The success of the revolution and the overthrow of the corrupt regime gave Armenians a deep sense of confidence and belief in their ability to affect change. The revolution’s slogan, “With Courage” (Duxov), strongly reverberates today. There is a determination among Armenians to protect the democracy they fought so hard to achieve. Armenians, both in Armenia and Karabakh, view this war as one for freedom, independence, self-determination, and ultimately, sheer survival.
Memories of genocide
Apart from the impact of the Velvet Revolution, the memories of the 1915 genocide of the Armenians in the Ottoman Empire are also shaping attitudes today. The genocide has had a lasting impact on the consciousness of Armenians around the globe. It is a collective trauma which inspires feelings of existential threat.
The Turkish Government’s continued denial of and refusal to recognise the genocide, its active support for Azerbaijan in this war, coupled with Turkish President Recep Tayyip Erodgan’s imperialist, neo-Ottomanist ideology and his criticisms of the 1923 Treaty of Lausanne that established the borders of modern Turkey, fuel fears among Armenians. These fears are widely shared and are reflected in Armenian PM Pashinyan’s following statement in which he accuses Turkey of “continuing its genocidal policy towards the Armenians” and adds that, “…this is an existential threat for us, and there is nothing else to do but to defend ourselves.”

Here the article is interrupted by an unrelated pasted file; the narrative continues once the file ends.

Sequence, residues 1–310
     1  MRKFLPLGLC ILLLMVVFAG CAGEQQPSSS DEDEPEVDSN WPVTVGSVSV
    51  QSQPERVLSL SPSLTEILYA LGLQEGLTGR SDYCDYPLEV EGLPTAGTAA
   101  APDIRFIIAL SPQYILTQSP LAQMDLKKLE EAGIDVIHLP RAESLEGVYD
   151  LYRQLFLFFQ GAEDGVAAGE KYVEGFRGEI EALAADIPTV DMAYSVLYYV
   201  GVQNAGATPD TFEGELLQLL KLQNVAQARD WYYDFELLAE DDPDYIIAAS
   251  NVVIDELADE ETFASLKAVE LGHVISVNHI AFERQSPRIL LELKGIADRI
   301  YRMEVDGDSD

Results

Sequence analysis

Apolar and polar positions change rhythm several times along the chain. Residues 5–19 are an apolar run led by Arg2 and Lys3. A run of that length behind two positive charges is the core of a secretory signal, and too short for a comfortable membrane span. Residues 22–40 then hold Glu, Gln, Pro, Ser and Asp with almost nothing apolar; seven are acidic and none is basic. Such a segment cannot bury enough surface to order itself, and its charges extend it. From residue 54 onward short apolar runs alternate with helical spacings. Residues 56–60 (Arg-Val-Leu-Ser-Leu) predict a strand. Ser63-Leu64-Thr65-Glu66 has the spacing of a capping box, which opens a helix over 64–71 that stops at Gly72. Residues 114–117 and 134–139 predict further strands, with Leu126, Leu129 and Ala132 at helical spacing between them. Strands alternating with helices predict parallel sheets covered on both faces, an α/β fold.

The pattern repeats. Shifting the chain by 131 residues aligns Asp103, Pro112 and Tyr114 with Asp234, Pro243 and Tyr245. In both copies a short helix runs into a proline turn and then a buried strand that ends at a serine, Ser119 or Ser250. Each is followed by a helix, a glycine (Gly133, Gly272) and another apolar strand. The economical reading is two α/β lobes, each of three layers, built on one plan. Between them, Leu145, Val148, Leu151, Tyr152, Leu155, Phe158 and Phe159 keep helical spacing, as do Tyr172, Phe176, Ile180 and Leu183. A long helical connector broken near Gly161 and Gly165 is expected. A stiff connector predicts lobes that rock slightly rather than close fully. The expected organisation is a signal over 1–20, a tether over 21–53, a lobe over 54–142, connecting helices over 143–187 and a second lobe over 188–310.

Armenians living in Turkey, including MP Garo Paylan and the civil society group Nor Zartonk, have called for peace and expressed concerns that Turkey’s involvement in the war is leading to intimidation and hate speech towards them.
Democracy or dictatorship?
In contrast to Armenia’s democracy, Azerbaijan is an authoritarian state that has been ruled by members of one family for nearly three decades. Heydar Aliyev was president of Azerbaijan from 1993 until his death in 2003, after which his son, Ilham, became President and has held that post ever since. His wife, Mehriban, is Vice President. According to the Organized Crime and Corruption Reporting Project, the Aliyev family has taken large shares in lucrative industries including the telecom, minerals and construction industries often through government related deals. The 2020 Freedom House report describes Azerbaijan as an authoritarian regime where corruption is rampant and the formal political opposition parties and civil society have been weakened by years of persecution.
Karabakh Armenians have expressed their resolve and made it clear that they will never consent to live under Aliyev’s authoritarian regime. Furthermore, there has been too much bloodshed and the promotion of anti-Armenian propaganda by Azerbaijani leaders for them to feel safe in Azerbaijan. These factors cannot be ignored if peace is to be established.
This war will only spread suffering and destabilise the South Caucasus and the wider, already troubled, region. It remains to be seen if a diplomatic solution to the war can be found. A durable and lasting peace is of utmost importance, but it should not come at the price of the safety and security of Karabakh Armenians. The OSCE Minsk Group have called on the leaders of Armenia and Azerbaijan to “commit without delay to resuming substantive negotiations, in good faith and without preconditions.” But sadly, the outlook for a peace at present is grim.